Best Native groundcover for wooded area

Asked August 19, 2020, 2:33 PM EDT

Hi I have five acres of woods. I’ve been battling some stray Japanese pasychandra and will finally get it all gone this fall. I’m ready to plant a native ground cover that can spread on its own where I’ve eliminated the invasive groundcover. I was thinking of crested iris or pussytoes or Allegheny spurge or maidenhair fern. Are any of these more desirable than others? I have four spots. One is along my driveway and I’d like it to look interesting. The other areas are along trails in the woods. Most are full shade. One is sunnier. Yes we have deer. Thanks so much for any advice.

Carroll County Maryland

2 Responses

We see some plants of another invasive weed in the photos, unfortunately - the groundcover Yellow Archangel (Lamiastrum galeobdolon 'Variegatum'), so this should be removed as well to minimize competition as the new plants establish.

There are numerous options, though not all native species have been evaluated for relative deer resistance since they are only recently gaining popularity in gardens. Therefore, while you can cross-check some of the ideas given for native groundcovers, we do not know the degree of unpalatability with regards to deer for all of them. Here are two reference lists that rank plants for deer preferences:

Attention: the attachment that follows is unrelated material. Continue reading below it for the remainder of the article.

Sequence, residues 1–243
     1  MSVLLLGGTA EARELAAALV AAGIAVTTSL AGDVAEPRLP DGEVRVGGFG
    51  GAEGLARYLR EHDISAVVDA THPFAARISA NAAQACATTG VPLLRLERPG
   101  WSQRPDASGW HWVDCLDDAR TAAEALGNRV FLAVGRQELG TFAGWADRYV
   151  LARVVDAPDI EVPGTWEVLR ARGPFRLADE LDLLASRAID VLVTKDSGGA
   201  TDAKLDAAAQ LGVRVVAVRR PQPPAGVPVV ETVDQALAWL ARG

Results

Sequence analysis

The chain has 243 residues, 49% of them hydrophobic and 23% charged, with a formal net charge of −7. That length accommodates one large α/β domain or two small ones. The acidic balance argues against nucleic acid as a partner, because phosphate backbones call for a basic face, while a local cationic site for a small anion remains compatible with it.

https://extension.umd.edu/sites/extension.umd.edu/files/_docs/articles/FS655-ResistanceDeer.pdf

https://njaes.rutgers.edu/deer-resistant-plants/

Groundcovers don't necessarily need to be ground-hugging and low in order to control erosion and out-compete weeds, so depending on the look you want, this increases the list of candidate plants. Self-sowing natives can be useful to perpetuate themselves as gaps in the understory open up along the wooded paths. For the driveway, understandably this may need to look tidier and here lower plants might make more sense.

The four species you mention are good choices; here is a starter list of more ideas for the shadier areas:

  • White Wood Aster and Blue Wood Aster (Aster divaricatus, Aster cordifolius)
  • Partridgeberry (Mitchella repens)
  • Golden Ragwort (Senecio aureus)
  • Christmas Fern (Polystichum acrostichoides) and various other ferns, like Hay-Scented (Dennstaedtia punctilobula)
  • Woodland Stonecrop (Sedum ternatum)
  • Violets (Viola) - many species
  • Early Saxifrage (Saxifraga virginiensis)
  • Blue Wood Phlox and Creeping Phlox (Phlox divaricata, Phlox stolonifera)
  • Foamflower (Tiarella)
  • Wild Ginger (Asarum canadense)
  • River Oats (Chasmanthium latifolium)
and for sunnier areas:
  • Wild Geranium (Geranium maculatum)
  • Moss Phlox (Phlox subulata)
  • Golden Alexanders (Zizia aurea)
  • Heath Aster (Aster ericoides, particularly variety 'Snowflurry')
  • Green-and-Gold (Chrysogonum virginianum)
  • Wild Strawberry (Fragaria virginiana)
  • Lyre-leaf Sage (Salvia lyrata)
Here are other native plant lists that may help in making selections:
https://www.fws.gov/chesapeakebay/pdf/NativePlantsforWildlifeHabitatandConservationLandscaping.pdf

https://extension.umd.edu/sites/extension.umd.edu/files/_images/programs/hgic/Publications/HG120_Native_Plants%20_of_MD.pdf

https://drive.google.com/file/d/0B25LXUJQvd_6YlBhd1ByTzY2ZW8/edit?pli=1


Miri

Thank you very much for your help!